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  • 0 posts edited
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  • 41 votes cast
May
31
asked What are the alternatives to “overriding a method” when using composition instead of inheritance?
Mar
11
awarded  Critic
Feb
10
accepted Where can I find good example of techniques to compact data in-memory?
Feb
8
asked Where can I find good example of techniques to compact data in-memory?
Nov
19
awarded  Popular Question
Nov
15
comment Is there a language or design pattern that allows the *removal* of object behavior or properties in a class hierarchy?
For the records, I chose this answer because it answers the title of the question literally, as well as giving a better alternative. But I found other answers equally as good with this one.
Nov
15
accepted Is there a language or design pattern that allows the *removal* of object behavior or properties in a class hierarchy?
Nov
15
answered Is there a language or design pattern that allows the *removal* of object behavior or properties in a class hierarchy?
Nov
15
comment Is there a language or design pattern that allows the *removal* of object behavior or properties in a class hierarchy?
I quite like your answer. I think it deserves more votes.
Nov
15
comment Is there a language or design pattern that allows the *removal* of object behavior or properties in a class hierarchy?
+1 in general, and in particular for the "mammoth". LOL!
Nov
15
awarded  Nice Question
Nov
15
revised Is there a language or design pattern that allows the *removal* of object behavior or properties in a class hierarchy?
Summariesed suggestion proposed in answers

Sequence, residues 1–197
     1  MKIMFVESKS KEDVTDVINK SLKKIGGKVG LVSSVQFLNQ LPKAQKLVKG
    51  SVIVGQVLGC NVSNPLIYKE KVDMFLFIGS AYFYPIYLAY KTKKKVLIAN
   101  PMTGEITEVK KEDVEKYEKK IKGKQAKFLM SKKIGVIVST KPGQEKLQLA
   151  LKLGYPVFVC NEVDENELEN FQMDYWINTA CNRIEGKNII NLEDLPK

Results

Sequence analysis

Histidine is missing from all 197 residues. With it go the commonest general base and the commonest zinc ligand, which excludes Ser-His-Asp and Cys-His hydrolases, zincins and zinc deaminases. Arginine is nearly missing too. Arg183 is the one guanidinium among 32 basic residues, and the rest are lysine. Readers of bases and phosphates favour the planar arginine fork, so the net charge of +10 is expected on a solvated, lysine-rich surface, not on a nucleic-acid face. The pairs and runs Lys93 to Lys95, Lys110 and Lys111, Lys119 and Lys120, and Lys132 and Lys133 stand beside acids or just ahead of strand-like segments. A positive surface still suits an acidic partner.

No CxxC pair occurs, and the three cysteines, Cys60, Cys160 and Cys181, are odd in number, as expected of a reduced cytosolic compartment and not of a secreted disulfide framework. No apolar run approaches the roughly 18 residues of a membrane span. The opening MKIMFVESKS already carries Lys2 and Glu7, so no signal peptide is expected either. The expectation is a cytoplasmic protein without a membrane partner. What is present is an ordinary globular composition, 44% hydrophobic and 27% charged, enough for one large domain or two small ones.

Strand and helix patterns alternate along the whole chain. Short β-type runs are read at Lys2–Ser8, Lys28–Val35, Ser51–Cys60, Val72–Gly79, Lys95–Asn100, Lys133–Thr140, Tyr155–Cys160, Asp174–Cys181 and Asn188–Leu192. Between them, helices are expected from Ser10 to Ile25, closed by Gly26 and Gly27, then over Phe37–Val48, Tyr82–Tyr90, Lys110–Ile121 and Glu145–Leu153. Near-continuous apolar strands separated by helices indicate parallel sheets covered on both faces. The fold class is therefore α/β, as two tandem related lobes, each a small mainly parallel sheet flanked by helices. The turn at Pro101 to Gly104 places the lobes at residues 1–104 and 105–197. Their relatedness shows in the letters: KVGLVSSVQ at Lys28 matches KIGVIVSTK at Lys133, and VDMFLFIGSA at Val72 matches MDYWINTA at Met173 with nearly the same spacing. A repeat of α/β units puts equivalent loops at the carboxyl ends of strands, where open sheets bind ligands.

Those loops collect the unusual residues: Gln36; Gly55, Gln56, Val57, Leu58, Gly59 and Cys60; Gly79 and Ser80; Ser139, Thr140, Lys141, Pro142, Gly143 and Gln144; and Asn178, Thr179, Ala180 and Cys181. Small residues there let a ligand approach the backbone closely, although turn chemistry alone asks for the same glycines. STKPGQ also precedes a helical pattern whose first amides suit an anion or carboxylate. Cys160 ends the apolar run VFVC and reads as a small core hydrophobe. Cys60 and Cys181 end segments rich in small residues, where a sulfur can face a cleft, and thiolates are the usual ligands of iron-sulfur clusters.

Nov
15
asked Is there a language or design pattern that allows the *removal* of object behavior or properties in a class hierarchy?
Sep
17
accepted How do you call a “Proxy” that delegates to *several* implementations?
Sep
17
comment How do you call a “Proxy” that delegates to *several* implementations?
And while I agree with your answer (+1), I'll go with Marjan. A Facade doesn't stop being a Facade because it expose the same interface as the objects it delegates to.
Sep
17
comment How do you call a “Proxy” that delegates to *several* implementations?
I don't think Mediator is correct either, because it's goal is to "prevent" the different objects implementing the behavior to "know each other". But in my proposed design, I don't want to prevent FragmentB of knowing FragmentA, I just want to enable FragmentB to exist without knowing the concrete implementation of FragmentA.
Sep
17
asked How do you call a “Proxy” that delegates to *several* implementations?
Sep
15
awarded  Scholar
Sep
15
accepted Is there a specific design strategy that can be applied to solve most chicken-and-egg problems while using immutable objects?
Sep
13
comment Is there a specific design strategy that can be applied to solve most chicken-and-egg problems while using immutable objects?
I'm not actually trying to use "functional language" because I just don't get it! The only thing I normally retain from any non-trivial functional programming example is: "Damn, I which I was more clever!" It's just beyond me how this can make sense to anyone. From my students days, I remember that Prolog (logic-based), Occam (everything-runs-in-parallel-by-default) and even assembler made sense, but Lisp was just crazy stuff. But I do get you point of moving the code that cause a "state change" outside the "state".